Tell us a little about yourself: what is your first name, how old are you, and what is your favorite ice cream flavor?
My name is Grant, I just turned 13 years old (I'm a teenager!), and I like chocolate ice cream.
What book did you read and why did you choose it?
I read The Inquisitor’s Tale and I picked it because I’ve read Adam Gidwitz’s Grimm series and loved those books.
Can you describe this book in one word?
What was your favorite part of this story?
I love how all of the characters backstories were explained in the beginning and then the story tied them all together.
If you had a problem similar to the main character's problem, what would you do?
I would probably live in the forest and hide. I’m not as brave as the characters are. I couldn’t do what they had to do.
What would you say to your best friend to convince them to read this book?
There are so many magical aspects to this story!
What do you think about the book's cover?
The cover is magical too. The gold lettering really stands out. I also love the illustrations inside the book. They really help to tell the story.
Would you want to read another book about these characters? Why or why not?
Yes! So much yes!
It is similar to Mr. Gidwitz's Grimm series because it incorporates old stories in a new way. I like how The Inquisitor's Tale includes stories about religious belief.
If you could ask the author one question about this book, what would it be?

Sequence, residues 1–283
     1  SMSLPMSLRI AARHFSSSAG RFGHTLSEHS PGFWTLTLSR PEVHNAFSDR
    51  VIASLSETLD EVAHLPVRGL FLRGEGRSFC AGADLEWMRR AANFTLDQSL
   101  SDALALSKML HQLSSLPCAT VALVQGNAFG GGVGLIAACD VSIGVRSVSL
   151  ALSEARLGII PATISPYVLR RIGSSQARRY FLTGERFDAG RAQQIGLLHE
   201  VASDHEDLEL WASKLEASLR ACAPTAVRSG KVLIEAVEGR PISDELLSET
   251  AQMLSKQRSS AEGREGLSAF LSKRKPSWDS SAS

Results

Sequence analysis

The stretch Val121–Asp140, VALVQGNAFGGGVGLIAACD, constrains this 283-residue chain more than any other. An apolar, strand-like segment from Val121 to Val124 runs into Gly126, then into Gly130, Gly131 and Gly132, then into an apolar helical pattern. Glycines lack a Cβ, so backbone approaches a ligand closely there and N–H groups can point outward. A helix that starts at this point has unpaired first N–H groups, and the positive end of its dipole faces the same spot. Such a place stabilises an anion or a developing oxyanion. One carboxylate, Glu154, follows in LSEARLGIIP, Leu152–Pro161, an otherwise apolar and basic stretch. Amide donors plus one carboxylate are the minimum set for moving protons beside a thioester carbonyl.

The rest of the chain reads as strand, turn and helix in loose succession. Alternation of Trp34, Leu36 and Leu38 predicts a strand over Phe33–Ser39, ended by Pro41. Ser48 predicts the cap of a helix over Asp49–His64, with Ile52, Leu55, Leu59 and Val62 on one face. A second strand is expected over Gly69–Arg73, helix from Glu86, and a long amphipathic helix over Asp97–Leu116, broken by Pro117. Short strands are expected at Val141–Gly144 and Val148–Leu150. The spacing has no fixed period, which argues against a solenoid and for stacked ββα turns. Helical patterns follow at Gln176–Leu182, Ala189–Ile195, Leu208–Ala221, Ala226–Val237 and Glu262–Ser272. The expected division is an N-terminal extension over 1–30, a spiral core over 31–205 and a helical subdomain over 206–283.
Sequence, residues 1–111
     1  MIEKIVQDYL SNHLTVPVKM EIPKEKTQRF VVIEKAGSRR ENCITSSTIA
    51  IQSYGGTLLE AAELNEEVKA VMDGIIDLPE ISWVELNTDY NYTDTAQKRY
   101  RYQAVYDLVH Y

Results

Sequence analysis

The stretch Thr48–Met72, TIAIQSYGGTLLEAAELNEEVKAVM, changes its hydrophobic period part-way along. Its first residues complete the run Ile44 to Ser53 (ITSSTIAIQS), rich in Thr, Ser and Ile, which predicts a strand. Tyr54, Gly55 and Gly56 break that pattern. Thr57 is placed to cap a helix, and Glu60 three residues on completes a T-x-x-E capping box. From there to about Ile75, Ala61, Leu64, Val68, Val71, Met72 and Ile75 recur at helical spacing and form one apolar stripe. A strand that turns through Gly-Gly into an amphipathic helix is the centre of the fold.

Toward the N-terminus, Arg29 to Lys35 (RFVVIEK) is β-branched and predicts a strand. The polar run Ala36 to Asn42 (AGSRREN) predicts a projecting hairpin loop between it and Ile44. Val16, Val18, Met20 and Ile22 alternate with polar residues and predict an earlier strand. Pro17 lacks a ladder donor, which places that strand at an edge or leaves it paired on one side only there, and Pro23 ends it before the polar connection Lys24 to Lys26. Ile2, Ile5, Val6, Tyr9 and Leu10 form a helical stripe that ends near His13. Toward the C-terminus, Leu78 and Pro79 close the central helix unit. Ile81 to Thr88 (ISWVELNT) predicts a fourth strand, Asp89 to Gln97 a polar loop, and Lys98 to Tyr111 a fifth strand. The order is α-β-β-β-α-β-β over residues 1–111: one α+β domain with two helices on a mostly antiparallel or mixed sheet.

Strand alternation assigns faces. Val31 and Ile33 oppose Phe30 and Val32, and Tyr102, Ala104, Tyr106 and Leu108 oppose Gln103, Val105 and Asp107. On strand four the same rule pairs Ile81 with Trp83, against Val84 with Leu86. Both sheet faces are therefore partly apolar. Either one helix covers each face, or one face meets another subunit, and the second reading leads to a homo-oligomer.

Did your inspiration for this book come from history?
Adam Gidwitz answered this question in his author's note and expanded on it in an interview with Publisher's Weekly.
"[T]here was this Indiana Jones aspect to medieval history that hooked me, and since we wound up traveling to Europe every year, eventually I began to wonder if I could get a book out of it. I started trying to organize the stories I had collected about six years ago."
Thank you to Grant for sharing The Inquisitor's Tale with The Kidliterati!
Join William, an oblate on a mission from his monastery; Jacob, a Jewish boy who has fled his burning village; and Jeanne, a peasant girl who hides her prophetic visions. They are accompanied by Jeanne's loyal greyhound, Gwenforte . . . recently brought back from the dead. Told in multiple voices, in a style reminiscent of The Canterbury Tales, our narrator collects their stories and the saga of these three unlikely allies begins to come together.